Behind this nondescript door is an enclave in the center of Amsterdam. This was once the home of the Beguines, single women whose mission was to care for the sick. The first recorded document of the Begijnhof dates back to 1346 when a certain Cope van der Laene gave the Beguines the Beghijnhuis (house of Beguines).
Courtyard of the Begijnhof
The door from the Spui leads into a courtyard surrounded by traditional 17th-18th century houses which were completely renovated between 1984-1987. It's a different world as you cross the threshold. But for the noise created by the visitors, it feels as if Amsterdam is miles away. Though just outside the door, depending on the day of the week, there are outdoor cafés and musicians playing to the crowd. Or if it's the weekend, there might be a book or art fair on the Spui.
Het Houten Huys, 1528
One of the oldest houses in Amsterdam, the Houten Huys (black façade) dates back to 1528. Many of the earlier buildings in the Begijnhof were made of wood. Two big fires in 1421 and 1452 razed buildings on the property. The Beguines rebuilt the houses using brick.
Behind the Houten house is a wall with colorful plaques of biblical themes from 16th century. The topmost plaque is Christ the Savior, and below are Jacob's Dream, Elijah, Flight to Egypt, the Sacrifice of Abraham, the Golden Oven (from Nebuchanezzar's time), in Emmaus, and one inscribed 'TGELOOF. These plaques have beautiful stories to tell.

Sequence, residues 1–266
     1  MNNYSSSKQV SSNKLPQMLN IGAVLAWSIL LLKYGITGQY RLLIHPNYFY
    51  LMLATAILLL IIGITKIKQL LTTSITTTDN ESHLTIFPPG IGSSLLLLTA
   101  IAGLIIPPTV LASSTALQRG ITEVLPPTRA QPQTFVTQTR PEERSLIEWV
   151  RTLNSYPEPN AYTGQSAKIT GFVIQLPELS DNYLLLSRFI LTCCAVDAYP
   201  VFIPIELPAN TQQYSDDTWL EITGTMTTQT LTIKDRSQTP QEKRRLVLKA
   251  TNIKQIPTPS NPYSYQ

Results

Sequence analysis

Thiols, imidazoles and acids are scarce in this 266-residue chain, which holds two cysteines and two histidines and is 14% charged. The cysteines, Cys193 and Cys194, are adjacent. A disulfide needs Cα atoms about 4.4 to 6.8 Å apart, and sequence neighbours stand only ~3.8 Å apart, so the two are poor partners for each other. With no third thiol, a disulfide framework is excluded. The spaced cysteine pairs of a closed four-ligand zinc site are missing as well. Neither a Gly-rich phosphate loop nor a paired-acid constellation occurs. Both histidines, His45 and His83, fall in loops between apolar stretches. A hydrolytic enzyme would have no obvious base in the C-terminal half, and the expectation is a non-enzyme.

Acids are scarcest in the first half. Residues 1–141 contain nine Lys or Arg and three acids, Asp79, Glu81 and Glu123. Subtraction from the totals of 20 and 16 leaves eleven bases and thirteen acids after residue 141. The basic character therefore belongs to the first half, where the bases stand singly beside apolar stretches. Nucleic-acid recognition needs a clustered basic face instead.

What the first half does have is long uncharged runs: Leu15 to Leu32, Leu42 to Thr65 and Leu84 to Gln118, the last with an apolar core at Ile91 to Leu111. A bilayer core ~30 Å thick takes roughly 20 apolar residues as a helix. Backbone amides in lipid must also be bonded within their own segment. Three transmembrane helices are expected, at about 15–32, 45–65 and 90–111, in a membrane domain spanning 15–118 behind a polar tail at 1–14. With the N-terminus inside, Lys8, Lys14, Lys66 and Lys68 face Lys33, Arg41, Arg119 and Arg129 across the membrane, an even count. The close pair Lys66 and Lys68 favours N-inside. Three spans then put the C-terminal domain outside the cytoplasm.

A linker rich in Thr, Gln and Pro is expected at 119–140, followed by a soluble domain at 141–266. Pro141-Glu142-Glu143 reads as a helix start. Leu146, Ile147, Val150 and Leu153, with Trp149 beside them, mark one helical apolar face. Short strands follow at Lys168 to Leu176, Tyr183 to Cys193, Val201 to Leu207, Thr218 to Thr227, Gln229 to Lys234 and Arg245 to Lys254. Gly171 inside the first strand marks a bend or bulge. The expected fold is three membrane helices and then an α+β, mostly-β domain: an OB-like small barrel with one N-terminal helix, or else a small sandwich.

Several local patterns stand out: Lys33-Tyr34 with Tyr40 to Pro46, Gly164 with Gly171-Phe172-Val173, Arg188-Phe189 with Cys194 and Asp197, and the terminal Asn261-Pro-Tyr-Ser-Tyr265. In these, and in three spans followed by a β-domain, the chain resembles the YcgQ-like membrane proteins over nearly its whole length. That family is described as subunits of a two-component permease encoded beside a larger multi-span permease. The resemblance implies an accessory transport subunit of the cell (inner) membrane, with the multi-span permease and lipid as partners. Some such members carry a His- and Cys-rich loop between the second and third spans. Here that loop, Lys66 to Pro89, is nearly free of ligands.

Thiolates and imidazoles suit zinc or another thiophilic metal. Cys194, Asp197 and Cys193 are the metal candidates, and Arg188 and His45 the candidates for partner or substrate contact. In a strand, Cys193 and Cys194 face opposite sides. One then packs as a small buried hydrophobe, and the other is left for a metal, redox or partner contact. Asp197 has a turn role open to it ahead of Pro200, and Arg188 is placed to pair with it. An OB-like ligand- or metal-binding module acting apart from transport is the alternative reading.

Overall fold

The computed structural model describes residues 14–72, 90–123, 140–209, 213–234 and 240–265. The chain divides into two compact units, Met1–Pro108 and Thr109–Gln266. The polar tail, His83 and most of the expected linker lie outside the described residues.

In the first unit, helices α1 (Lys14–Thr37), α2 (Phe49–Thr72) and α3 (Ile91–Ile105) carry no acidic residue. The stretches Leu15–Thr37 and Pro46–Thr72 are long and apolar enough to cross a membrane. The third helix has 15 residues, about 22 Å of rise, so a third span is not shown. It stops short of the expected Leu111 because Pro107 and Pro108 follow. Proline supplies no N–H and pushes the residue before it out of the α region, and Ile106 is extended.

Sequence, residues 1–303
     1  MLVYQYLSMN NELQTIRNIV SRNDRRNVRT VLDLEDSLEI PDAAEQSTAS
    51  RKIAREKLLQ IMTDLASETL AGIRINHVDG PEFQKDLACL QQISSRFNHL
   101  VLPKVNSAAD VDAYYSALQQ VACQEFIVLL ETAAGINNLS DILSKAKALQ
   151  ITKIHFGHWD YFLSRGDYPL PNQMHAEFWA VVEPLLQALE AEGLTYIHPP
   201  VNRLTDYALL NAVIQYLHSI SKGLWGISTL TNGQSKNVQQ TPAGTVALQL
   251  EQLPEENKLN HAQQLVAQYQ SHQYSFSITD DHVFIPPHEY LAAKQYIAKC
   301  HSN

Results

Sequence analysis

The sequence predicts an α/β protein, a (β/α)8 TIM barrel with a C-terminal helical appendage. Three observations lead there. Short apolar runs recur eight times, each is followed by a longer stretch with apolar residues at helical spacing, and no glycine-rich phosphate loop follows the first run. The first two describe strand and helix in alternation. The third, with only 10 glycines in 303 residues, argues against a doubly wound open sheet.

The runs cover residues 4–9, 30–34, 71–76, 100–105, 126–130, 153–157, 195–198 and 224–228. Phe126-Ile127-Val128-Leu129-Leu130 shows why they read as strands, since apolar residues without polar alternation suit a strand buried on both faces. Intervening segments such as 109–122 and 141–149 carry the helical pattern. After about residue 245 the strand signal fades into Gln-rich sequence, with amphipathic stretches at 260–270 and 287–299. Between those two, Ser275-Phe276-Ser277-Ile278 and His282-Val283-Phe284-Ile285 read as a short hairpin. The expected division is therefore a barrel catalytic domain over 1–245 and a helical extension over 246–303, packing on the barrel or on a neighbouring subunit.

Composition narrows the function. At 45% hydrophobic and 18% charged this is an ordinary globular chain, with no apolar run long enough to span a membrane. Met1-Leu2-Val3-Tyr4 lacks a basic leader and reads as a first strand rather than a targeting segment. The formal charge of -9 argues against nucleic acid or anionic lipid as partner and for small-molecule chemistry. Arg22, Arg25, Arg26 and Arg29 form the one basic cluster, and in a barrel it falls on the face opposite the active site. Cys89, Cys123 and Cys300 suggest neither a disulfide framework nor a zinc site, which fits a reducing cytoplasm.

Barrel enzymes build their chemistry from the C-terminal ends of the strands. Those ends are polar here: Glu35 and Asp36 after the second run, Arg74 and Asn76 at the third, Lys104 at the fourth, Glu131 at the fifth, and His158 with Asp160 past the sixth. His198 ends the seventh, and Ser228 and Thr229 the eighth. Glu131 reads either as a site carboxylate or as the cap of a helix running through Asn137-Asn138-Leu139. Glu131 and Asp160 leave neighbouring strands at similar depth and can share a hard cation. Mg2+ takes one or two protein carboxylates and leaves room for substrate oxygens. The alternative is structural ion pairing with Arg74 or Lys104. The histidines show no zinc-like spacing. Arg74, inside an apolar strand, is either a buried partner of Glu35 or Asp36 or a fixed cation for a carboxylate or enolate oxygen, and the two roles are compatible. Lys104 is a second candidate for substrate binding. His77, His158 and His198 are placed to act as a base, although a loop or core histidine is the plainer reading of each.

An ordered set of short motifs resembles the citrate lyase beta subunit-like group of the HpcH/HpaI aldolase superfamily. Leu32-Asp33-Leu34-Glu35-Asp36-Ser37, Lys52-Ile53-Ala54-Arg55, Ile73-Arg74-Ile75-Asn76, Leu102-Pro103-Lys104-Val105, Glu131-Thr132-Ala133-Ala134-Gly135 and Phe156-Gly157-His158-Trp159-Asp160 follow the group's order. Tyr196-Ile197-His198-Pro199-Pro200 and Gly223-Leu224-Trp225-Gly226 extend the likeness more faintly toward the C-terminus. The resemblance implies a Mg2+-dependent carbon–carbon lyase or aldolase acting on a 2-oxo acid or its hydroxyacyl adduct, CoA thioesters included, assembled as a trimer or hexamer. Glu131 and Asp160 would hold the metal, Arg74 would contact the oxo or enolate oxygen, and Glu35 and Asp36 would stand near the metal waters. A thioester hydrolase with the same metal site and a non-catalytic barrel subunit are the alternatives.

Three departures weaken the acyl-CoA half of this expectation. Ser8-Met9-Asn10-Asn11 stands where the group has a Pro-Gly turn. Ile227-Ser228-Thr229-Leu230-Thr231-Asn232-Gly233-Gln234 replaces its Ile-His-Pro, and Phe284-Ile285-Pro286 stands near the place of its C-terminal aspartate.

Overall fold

The Chapel of the Beguinage
The Chapel which is dedicated to St. John the Evangelist and St.Ursula is another hidden church in Amsterdam. The exterior of the chapel gives no clue that there is a Catholic church within. This was the result of the Alteration when Protestants wrested power from the Catholics and forbade them to attend mass. The Beguines started construction of their new chapel in 1665 after their own church within the property was confiscated and given to the English. The sign above the door says English Reformed Church which is across from the chapel. But this is now a Scottish Presbyterian church. Two houses were bought and joined to form the chapel. It was completed in 1682. There were 150 Beguines during that year. The last Beguine, Sister Antonia, died in 1971. Nowadays, the Begijnhof is home to single women (who are not Beguines).
There is a mass in French at 11:15 am every Sunday. It's a small community and the service is both intimate and tranquil. It's perhaps my favorite place to worship in Amsterdam.
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Images by TravelswithCharie